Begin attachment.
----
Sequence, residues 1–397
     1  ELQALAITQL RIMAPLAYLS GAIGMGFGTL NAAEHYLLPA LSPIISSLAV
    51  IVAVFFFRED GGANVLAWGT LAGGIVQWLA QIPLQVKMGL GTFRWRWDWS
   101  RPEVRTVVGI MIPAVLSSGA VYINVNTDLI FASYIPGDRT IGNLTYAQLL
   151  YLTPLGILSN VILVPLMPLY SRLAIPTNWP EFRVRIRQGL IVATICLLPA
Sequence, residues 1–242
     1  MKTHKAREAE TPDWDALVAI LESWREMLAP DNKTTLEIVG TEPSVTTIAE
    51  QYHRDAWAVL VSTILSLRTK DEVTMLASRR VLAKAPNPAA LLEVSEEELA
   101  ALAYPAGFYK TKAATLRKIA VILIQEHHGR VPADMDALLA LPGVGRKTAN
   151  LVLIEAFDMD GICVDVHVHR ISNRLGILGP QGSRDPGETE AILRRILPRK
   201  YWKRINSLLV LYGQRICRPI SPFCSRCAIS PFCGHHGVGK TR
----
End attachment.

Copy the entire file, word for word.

Sequence, residues 1–397
     1  ELQALAITQL RIMAPLAYLS GAIGMGFGTL NAAEHYLLPA LSPIISSLAV
    51  IVAVFFFRED GGANVLAWGT LAGGIVQWLA QIPLQVKMGL GTFRWRWDWS
   101  RPEVRTVVGI MIPAVLSSGA VYINVNTDLI FASYIPGDRT IGNLTYAQLL
   151  YLTPLGILSN VILVPLMPLY SRLAIPTNWP EFRVRIRQGL IVATICLLPA
Sequence, residues 1–242
     1  MKTHKAREAE TPDWDALVAI LESWREMLAP DNKTTLEIVG TEPSVTTIAE
    51  QYHRDAWAVL VSTILSLRTK DEVTMLASRR VLAKAPNPAA LLEVSEEELA
   101  ALAYPAGFYK TKAATLRKIA VILIQEHHGR VPADMDALLA LPGVGRKTAN
   151  LVLIEAFDMD GICVDVHVHR ISNRLGILGP QGSRDPGETE AILRRILPRK
   201  YWKRINSLLV LYGQRICRPI SPFCSRCAIS PFCGHHGVGK TR